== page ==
It isn't always possible to let cats outside – for example, because your living situation doesn't allow it. You should focus on a few points so that your indoor cat feels happy with you.
Indoor Cats: What you Should Focus on
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Even indoor cats can lead a happy life.
Prerequisites for indoor housing
Roaming freely is generally considered the more species-appropriate form of housing for cats. However, outdoor access is not right for every cat and the environment isn't always suitable for this.
Nevertheless, you don't have to do without a four-legged housemate if you live in a high-rise building or a street with plenty of traffic. With a few tips and tricks, you can ensure the happiness of your indoor cat.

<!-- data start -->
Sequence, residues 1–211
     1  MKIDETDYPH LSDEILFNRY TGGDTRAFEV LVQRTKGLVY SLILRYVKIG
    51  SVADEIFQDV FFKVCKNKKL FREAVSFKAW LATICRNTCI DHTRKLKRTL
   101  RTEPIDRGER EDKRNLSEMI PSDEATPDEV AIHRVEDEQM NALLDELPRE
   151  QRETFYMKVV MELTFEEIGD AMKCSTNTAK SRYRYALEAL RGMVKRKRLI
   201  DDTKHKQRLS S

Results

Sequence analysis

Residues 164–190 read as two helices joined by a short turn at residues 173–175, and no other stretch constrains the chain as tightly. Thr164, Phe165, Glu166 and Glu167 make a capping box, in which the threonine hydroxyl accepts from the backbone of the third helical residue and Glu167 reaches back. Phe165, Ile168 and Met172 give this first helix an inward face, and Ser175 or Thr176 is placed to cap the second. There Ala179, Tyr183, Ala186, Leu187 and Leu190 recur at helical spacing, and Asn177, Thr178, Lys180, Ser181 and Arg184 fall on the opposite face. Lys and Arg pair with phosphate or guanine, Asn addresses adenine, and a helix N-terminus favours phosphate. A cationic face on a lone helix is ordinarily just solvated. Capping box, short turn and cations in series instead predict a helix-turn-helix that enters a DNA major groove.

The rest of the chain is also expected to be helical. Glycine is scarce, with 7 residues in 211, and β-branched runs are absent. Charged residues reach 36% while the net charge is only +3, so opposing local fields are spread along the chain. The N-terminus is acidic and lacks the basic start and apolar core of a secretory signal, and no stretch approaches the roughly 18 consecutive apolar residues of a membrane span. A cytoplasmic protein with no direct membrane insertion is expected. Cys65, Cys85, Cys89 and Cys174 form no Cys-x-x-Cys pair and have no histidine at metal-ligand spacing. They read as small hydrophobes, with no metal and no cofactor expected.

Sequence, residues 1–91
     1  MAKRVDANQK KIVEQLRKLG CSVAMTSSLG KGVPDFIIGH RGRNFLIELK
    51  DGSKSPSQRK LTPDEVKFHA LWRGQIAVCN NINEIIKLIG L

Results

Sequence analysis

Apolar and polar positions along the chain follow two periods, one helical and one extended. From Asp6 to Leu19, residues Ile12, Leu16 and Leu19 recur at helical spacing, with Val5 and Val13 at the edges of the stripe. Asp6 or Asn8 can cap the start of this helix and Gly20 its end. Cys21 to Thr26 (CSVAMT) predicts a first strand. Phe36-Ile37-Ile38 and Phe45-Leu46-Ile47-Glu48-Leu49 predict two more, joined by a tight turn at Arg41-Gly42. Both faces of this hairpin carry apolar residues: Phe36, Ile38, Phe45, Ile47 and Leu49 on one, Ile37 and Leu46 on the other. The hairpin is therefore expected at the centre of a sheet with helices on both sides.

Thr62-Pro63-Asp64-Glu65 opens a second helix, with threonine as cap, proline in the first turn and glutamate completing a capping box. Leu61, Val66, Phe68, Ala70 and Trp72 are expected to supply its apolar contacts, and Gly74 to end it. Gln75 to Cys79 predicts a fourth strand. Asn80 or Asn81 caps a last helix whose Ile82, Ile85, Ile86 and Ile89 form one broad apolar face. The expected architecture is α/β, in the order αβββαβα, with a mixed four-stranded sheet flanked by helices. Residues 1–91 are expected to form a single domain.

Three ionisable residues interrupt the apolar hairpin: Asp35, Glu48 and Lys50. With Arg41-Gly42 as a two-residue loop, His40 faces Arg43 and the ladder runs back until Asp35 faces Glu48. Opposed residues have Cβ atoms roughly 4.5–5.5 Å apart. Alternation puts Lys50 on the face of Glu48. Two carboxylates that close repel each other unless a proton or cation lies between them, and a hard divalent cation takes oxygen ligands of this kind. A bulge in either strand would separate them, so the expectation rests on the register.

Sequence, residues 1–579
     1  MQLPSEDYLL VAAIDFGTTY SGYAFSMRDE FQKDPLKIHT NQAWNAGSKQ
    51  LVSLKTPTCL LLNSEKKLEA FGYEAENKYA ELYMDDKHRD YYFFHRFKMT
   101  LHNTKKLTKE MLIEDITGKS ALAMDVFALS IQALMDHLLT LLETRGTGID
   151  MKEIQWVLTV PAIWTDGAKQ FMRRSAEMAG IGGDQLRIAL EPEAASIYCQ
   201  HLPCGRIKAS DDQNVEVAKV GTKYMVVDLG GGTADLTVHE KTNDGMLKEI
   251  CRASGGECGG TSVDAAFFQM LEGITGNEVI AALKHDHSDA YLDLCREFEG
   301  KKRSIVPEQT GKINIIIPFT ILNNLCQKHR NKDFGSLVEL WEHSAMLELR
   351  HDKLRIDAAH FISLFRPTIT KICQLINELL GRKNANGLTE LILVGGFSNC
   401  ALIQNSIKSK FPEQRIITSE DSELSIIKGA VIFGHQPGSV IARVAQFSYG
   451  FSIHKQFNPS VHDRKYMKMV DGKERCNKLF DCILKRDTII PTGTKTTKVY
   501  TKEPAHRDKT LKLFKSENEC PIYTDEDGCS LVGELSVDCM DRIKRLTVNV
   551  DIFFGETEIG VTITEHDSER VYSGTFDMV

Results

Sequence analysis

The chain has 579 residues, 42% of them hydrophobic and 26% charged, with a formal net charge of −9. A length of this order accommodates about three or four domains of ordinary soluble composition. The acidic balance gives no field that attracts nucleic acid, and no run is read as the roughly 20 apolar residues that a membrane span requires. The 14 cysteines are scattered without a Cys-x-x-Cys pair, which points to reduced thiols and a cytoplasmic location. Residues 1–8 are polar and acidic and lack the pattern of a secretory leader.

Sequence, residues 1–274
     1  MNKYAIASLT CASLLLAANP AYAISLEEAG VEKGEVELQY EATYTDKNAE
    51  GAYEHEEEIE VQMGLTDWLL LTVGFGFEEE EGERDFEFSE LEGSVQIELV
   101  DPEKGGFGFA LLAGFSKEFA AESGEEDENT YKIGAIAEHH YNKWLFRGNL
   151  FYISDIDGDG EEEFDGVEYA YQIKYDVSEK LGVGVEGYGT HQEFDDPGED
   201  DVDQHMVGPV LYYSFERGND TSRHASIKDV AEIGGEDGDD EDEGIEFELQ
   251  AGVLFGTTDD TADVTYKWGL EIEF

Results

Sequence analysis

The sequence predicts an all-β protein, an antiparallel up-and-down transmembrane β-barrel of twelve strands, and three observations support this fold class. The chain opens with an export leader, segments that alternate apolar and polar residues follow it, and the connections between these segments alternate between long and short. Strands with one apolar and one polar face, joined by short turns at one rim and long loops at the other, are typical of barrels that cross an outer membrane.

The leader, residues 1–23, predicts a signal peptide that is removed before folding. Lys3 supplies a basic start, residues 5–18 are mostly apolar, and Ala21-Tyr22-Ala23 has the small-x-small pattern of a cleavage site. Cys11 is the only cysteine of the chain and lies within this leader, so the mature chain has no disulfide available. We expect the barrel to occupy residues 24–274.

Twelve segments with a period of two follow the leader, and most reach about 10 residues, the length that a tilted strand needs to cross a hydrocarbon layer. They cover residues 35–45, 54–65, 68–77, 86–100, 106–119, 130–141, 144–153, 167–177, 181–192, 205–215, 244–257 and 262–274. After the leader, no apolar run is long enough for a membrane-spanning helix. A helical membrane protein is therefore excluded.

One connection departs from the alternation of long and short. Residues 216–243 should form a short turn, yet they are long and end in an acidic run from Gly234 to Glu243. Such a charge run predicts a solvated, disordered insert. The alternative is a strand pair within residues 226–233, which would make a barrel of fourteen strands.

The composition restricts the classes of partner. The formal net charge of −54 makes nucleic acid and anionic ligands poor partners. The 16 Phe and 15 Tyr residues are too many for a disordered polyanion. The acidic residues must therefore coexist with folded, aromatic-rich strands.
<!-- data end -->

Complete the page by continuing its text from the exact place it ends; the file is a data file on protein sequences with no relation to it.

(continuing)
Cats in rented housing
Cats are often not very popular with landlords. Before you get one or even several cats, you should read through your rent contract in detail.
Although keeping cats in rented housing is often not prohibited, the contract may stipulate otherwise. If in doubt, take legal advice from a lawyer.
One or several cats?
Outdoor cats can come across fellow felines in the neighbourhood at any time. Such contact isn't always harmonious and can sometimes result in bitter fights over territory. Nevertheless, they are part of a natural feline life. Indoor cats don't have this possibility.
Hence, many people wish to give two or more cats a home – especially if they don't work at home and the cat would be alone all day.
The basic requirement for keeping several cats is that they have to get on well with each other. It's best for cats of the same age and gender to live together. Siblings usually also get on well throughout their lives.